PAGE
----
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By Any Means Necessary
BAMN is your guide to the movement and efforts shaping the world around us: from mass incarceration to the battle between police and water protectors; from efforts to protect the environment to the movement for Black Lives. Stay tuned to By Any Means Necessary five days a week here on Radio Sputnik.

New Attacks in Struggle for Democratic Rights in The US

New Attacks In Struggle For Democratic Rights In The US
UAW Could Go On Strike This Month, Finding The Joy In Organizing, NYPD Uses Drones To Surveil Backyard Parties
In this episode of By Any Means Necessary, hosts Sean Blackmon and Jacquie Luqman are joined by Natalia Marques, writer and organizer from New York City to discuss a potential strike by workers at General Motors, Ford, and Stellantis organized under the UAW, how the UAW has developed to this point and how its leadership is different from leadership of the past, and the context of this potential strike in the surge of union and labor activism and ongoing strikes by writers and actors in Hollywood.
In the second segment, Sean and Jacquie discuss the recent Socialist Horizon conference which took place in Atlanta and the importance of joy and celebration in organizing and why that joy is found in community and struggle.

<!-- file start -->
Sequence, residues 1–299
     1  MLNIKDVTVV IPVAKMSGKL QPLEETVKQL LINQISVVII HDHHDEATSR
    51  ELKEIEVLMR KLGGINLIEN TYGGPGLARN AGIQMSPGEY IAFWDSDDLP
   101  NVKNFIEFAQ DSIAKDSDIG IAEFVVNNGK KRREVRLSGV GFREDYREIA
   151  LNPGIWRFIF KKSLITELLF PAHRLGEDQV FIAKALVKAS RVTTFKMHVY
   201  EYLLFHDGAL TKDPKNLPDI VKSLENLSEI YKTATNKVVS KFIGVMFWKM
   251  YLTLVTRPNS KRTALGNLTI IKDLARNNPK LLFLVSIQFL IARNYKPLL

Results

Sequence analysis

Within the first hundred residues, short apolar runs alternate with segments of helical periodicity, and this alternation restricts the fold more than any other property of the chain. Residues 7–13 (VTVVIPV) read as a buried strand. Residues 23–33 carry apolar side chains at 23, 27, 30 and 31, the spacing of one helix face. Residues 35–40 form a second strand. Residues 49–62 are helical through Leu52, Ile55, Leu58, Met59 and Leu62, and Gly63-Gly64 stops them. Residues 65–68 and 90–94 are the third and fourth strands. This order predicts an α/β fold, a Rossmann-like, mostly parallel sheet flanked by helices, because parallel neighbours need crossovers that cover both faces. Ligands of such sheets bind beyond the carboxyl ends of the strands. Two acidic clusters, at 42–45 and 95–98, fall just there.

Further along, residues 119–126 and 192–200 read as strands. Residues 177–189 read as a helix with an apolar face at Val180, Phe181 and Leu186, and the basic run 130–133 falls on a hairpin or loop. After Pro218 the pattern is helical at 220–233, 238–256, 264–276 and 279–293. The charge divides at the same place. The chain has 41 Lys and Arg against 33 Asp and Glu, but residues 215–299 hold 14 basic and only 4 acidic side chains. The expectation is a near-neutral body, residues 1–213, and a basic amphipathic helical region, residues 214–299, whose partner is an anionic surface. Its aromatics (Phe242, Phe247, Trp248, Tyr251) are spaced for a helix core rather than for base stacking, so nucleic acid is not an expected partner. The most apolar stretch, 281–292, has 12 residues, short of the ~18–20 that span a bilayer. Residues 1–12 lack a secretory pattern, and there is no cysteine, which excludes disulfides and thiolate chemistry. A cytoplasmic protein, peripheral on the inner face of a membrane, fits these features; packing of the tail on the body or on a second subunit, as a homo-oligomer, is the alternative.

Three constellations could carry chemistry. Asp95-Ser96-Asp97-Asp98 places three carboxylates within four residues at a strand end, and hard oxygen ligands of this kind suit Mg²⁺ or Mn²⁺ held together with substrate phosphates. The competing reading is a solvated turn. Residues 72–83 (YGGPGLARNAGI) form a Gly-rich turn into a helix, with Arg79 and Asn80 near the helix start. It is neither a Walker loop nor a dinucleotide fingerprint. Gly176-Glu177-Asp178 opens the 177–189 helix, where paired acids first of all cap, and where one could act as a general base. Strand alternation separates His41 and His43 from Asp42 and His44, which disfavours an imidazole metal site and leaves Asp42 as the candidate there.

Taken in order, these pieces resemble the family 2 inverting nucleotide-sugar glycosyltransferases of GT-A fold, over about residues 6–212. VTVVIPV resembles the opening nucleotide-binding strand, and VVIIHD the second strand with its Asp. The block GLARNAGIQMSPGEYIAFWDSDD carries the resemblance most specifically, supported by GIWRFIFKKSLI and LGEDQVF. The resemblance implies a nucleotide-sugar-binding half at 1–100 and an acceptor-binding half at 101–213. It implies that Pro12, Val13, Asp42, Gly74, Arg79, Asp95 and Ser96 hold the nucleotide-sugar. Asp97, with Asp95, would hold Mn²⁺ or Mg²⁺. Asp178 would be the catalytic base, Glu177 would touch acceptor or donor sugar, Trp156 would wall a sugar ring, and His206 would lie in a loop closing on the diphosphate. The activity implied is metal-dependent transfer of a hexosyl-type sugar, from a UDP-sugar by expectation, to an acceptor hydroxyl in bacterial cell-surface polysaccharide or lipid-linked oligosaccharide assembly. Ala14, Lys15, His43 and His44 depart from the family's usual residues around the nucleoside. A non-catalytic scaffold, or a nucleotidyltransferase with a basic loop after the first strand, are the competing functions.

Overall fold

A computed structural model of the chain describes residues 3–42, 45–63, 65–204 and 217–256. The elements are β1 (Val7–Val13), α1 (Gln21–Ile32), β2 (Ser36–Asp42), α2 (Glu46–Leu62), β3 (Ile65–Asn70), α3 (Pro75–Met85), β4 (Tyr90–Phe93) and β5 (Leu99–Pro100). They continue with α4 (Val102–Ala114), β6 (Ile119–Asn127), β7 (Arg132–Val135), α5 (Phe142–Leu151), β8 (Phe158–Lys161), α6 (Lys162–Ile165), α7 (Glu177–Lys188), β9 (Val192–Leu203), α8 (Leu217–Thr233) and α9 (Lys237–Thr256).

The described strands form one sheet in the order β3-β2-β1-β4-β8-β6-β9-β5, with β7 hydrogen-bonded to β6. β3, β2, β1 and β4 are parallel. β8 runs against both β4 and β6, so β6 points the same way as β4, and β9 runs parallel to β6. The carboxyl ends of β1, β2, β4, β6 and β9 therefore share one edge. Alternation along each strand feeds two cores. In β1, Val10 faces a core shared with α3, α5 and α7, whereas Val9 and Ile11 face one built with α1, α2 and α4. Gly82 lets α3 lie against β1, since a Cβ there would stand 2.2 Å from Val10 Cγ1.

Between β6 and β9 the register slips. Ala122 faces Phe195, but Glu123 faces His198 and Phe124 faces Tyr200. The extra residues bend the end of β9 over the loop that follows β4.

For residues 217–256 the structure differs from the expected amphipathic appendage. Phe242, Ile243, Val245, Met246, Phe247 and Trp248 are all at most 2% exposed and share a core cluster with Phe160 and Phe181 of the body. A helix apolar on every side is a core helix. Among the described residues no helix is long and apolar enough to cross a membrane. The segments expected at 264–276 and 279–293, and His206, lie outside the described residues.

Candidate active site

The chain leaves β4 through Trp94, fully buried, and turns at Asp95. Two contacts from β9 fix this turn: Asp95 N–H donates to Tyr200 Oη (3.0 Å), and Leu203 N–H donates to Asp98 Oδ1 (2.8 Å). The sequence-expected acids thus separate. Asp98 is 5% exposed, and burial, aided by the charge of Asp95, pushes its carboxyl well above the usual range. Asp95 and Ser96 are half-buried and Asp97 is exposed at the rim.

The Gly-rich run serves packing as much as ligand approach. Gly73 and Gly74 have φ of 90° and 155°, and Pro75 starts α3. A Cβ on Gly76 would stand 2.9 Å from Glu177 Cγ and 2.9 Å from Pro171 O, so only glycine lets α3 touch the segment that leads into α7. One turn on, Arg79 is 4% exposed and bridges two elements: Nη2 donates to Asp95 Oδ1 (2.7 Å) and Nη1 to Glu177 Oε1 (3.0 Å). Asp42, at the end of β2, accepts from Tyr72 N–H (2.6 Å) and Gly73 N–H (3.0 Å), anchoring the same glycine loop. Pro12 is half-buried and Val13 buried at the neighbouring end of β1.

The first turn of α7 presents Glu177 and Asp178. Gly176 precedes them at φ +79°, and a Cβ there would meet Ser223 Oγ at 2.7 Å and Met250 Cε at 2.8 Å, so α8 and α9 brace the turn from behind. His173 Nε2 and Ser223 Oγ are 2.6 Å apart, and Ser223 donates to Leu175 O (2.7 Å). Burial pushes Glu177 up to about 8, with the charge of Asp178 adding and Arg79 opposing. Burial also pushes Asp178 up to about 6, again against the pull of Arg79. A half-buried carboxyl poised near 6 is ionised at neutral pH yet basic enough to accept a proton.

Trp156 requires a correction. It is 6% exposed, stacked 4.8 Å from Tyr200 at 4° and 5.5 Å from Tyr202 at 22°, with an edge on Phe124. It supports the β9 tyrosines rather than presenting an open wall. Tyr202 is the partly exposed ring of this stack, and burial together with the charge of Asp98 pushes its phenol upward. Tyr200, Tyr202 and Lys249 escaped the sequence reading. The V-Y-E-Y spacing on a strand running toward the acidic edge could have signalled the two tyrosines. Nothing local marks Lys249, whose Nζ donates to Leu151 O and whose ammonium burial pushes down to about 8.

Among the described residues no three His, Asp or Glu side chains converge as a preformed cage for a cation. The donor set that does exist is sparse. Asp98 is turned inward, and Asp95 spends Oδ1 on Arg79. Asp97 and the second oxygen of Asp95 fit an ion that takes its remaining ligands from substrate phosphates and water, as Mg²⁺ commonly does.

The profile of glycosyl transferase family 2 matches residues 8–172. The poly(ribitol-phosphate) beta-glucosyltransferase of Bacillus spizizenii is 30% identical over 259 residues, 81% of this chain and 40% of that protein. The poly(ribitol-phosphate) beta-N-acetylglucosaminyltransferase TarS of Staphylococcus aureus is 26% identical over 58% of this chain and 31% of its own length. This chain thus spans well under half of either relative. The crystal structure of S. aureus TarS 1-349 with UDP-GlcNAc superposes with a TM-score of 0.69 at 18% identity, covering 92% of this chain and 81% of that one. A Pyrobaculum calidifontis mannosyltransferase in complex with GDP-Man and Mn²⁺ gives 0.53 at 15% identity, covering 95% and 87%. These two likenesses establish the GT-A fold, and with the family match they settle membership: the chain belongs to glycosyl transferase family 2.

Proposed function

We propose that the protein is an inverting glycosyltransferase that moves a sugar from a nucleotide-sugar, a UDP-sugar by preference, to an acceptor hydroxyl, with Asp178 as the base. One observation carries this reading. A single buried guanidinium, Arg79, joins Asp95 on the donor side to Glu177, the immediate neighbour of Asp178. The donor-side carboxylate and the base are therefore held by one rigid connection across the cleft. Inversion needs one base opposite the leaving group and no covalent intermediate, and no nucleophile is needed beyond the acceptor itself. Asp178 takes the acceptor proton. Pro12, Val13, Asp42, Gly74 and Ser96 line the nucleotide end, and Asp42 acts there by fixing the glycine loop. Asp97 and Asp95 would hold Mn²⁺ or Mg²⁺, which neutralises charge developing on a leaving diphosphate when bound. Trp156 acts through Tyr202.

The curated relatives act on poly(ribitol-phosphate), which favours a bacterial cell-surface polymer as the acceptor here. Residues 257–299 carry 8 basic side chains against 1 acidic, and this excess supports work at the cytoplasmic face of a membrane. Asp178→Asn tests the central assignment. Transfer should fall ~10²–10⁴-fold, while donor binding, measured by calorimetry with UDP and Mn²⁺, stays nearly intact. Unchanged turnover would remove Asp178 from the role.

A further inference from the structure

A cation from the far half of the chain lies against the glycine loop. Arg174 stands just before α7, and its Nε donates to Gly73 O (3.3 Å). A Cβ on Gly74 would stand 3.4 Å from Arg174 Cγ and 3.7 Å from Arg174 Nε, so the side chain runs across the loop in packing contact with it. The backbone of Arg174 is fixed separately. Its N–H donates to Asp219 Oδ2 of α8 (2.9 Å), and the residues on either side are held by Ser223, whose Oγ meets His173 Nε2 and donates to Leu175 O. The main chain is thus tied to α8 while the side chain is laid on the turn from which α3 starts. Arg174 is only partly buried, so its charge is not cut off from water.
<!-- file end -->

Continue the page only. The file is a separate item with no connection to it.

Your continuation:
In the third segment, Sean and Jacquie are joined by technologist Chris Garaffa, co-host of the CovertAction Bulletin podcast to discuss the NYPD’s announcement that it would use drones to surveil backyard parties should neighbors make noise complaints and how this may violate existing surveillance law in New York, how IBM has reneged on its promise to stop offering facial recognition software with a contract to provide the UK government with a national biometrics platform that will include facial recognition, a planned Senate forum on artificial intelligence and why the dominance of tech CEOs on the forum’s guest list demonstrates what is likely to come out of it, and how loose content moderation on X, formerly known as Twitter, has allowed a false story about an Ebola outbreak at Burning Man to proliferate.
Later in the show, Sean and Jacquie are joined by James Early, Former Director of Cultural Heritage Policy at the Center for Folklife and Cultural Heritage at the Smithsonian Institution and board member of the Institute for Policy Studies to discuss the indictment of more than 60 activists involved in opposing the “Cop City” facility in Atlanta in a RICO case, a federal judge striking down the redrawn Congressional district map in Alabama and what it demonstrates about democracy for Black Americans, and how political crises unfolding in Colombia and Guatemala reflect broader regional and global political trends.
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